Lolo, MT → Powell Junction, ID
Net Elevation gain: 433 ft. (3399 ft. to 3832 ft.)
Average Speed: 10.7 mph
Top Speed: 35.0 mph
Time spent biking: 4 hours 17 minutes
Total time for the day's travels: 7 hours 15 minutes
Miles biked today: 46.2
Total for trip: 3037.3 miles
We were up and out of the tent around 9:00, after a somewhat restless sleep and a slow morning waking up. Just as Brett started cooking some breakfast at our picnic table, a light rain started to fall. We moved ourselves and our food undercover to a little sitting area near our campsite. While we finished cooking a delicious meal of pesto pasta, Sandy, a fellow camper, chatted with us about our trip and we shared travel experiences.
By the time we had eaten, packed up camp, and uploaded a bunch of photos to the blog, it was no longer morning. When we spotted two loaded down bikers on the road heading west, we really made a push to finish packing up and get on our way!
We were going uphill as soon as we left the campground, but not steeply. Would we catch up to the bikers we saw? We figured we must be moving along at least as fast as them, and guessed we were about 15 to 20 minutes behind. Around each bend in the road we looked, hoping to catch a glimpse the cyclists. We both do so well with a challenge! At some point they would take a break and we would catch up to them. We pushed hard and though it was up, maintained an average speed over 10 mph for the first hour of our ride.
Along the way up, we only stopped twice in that first hour. The first time was almost right away, when we spotted a beaver paddling around in the water right by the side of the road! Another animal to add to our long list for the trip. Traveling by bike is so great for seeing wildlife. The other stop was to talk with a pair of men cycling from their home in Oregon to Missoula. They were nice, and their wives were driving the same route so they all got to stay together each night. Neat idea, but we like our way.
Just when we started wondering if we would catch the two we saw going uphill, we spotted them taking a snack break in a pull-off! It turns out that Bob and Linda are riding from Chicago to Eugene. We all hit it off right away, and shared lots of cyclist experiences (like odd tan lines and traffic complaints).
When we all started up again, they were a bit faster and pulled ahead, but we really wanted to stick with them. We were in good form, and it felt so exhilarating to push hard up the mountain pass! It was starting to get a little steeper, and it was hard work. Little by little we gained on them, and finally even passed them. Bob yelled to us in good fun on the way by, “You set the pace, Massachusetts boy!”
Just because we were pushing hard doesn't mean we didn't take in the beautiful rocky landscape around us.
Then the grade got a little steeper. It was about four miles of 6% grade up to the top, and we really didn't let up that much. It was hard, hard, work to keep that pace, and we were huffing and puffing. To keep our cadence and to distract ourselves a bit we sang a couple songs, even though there were some awkward pauses to just concentrate on breathing.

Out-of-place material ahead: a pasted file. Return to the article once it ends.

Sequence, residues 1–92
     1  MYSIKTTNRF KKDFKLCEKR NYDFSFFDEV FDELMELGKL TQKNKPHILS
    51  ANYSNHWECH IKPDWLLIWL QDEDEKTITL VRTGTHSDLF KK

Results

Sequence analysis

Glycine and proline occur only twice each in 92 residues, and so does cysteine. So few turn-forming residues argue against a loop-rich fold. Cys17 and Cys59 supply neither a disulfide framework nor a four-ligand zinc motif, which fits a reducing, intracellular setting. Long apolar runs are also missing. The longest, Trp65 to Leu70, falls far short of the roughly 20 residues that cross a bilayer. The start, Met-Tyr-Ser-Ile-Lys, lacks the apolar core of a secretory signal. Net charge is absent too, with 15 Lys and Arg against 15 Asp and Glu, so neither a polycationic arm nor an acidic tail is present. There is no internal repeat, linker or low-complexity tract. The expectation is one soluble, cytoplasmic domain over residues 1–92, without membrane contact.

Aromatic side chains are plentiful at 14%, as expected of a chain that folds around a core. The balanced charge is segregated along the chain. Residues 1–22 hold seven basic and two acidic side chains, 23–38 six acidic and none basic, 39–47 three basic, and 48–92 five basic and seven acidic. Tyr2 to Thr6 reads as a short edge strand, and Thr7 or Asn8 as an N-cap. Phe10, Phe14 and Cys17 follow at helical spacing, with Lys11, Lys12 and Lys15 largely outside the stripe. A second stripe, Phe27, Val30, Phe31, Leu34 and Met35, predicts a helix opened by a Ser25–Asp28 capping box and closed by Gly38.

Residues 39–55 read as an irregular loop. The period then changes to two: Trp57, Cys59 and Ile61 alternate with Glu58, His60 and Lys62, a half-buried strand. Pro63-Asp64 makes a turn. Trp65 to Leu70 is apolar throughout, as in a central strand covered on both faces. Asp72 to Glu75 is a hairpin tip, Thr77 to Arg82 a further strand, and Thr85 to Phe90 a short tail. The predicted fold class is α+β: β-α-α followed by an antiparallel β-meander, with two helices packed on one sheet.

We all made it to the top within a minute or two of each other, and we were whooping and hollering in excitement! The top marked our last mountain pass, as well as our last time zone change, and a new state to boot! Idaho! We had made it out of Montana, a state we'd been in for quite a while.
We're still following the path of some of the Lewis and Clark expedition. Pretty neat to think about some of that.
After lots of pictures at the signs with Bob and Linda, we made our way to a nice shelter to crack open our much-anticipated treat: watermelon! It was so good. We were hungrier than a watermelon could satisfy, so we cooked a nice concoction of sausage, broccoli, carrot, and pesto over egg noodles. Pesto was such a great idea!
The rest of the day was all downhill. We coasted down the Idaho side of the pass, enjoying the fruits of our labor, and checking out the views from a few of the pull-offs. At one, a man in a truck stopped and gave us some of his new product on the market: freeze-dried eggs perfect for camp cooking! Thanks Tom!
Some of the informational signs were about forest fires, and we even spoke to a ranger on watch for fires. We've been singing a song about forest fire in Montana recently: Cold Missouri Waters. We know the version by Cry Cry Cry, but it's written by James Keelaghan. We knew all the words and only had to look up a few.
Another informational sign, this time about the interesting ownership pattern of the forest land here. The yellow is private land and the brown is National Forest property.
Coasting down to the campground was fun. Bob and Linda were staying in the cabins, and the campsite we were at was very quiet. There were a few other bicyclists around, too, heading the other direction. One of them continued on up the mountain as we got there, and three others stayed the night nearby. It's so much fun to see so many cyclists all of sudden in the last few days.
We fit right in with the other bikes on the road, but we haven't seen any other tandem recumbents yet.
For dinner Brett cooked up a package of the eggs with salami and cheese in it. It was pretty rich, but pretty good! Adventure Egg makes a decent product, and we liked that it didn't have anything but eggs in it.
Today we topped 3,000 miles. That is an accomplishment in itself, just to have kept going long enough to cover such a distance.